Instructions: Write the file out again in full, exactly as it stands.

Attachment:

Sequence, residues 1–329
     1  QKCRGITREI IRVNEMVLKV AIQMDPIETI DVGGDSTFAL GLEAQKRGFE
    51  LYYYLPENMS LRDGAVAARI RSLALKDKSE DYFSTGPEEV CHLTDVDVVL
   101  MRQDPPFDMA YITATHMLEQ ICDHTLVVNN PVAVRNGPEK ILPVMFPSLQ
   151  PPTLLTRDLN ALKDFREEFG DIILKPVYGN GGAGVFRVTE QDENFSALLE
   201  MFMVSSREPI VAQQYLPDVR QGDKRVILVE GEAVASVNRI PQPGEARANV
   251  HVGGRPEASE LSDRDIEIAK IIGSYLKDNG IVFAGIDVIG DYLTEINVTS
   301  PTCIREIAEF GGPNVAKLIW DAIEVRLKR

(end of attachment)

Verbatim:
Sequence, residues 1–329
     1  QKCRGITREI IRVNEMVLKV AIQMDPIETI DVGGDSTFAL GLEAQKRGFE
    51  LYYYLPENMS LRDGAVAARI RSLALKDKSE DYFSTGPEEV CHLTDVDVVL
   101  MRQDPPFDMA YITATHMLEQ ICDHTLVVNN PVAVRNGPEK ILPVMFPSLQ
   151  PPTLLTRDLN ALKDFREEFG DIILKPVYGN GGAGVFRVTE QDENFSALLE
   201  MFMVSSREPI VAQQYLPDVR QGDKRVILVE GEAVASVNRI PQPGEARANV
   251  HVGGRPEASE LSDRDIEIAK IIGSYLKDNG IVFAGIDVIG DYLTEINVTS
   301  PTCIREIAEF GGPNVAKLIW DAIEVRLKR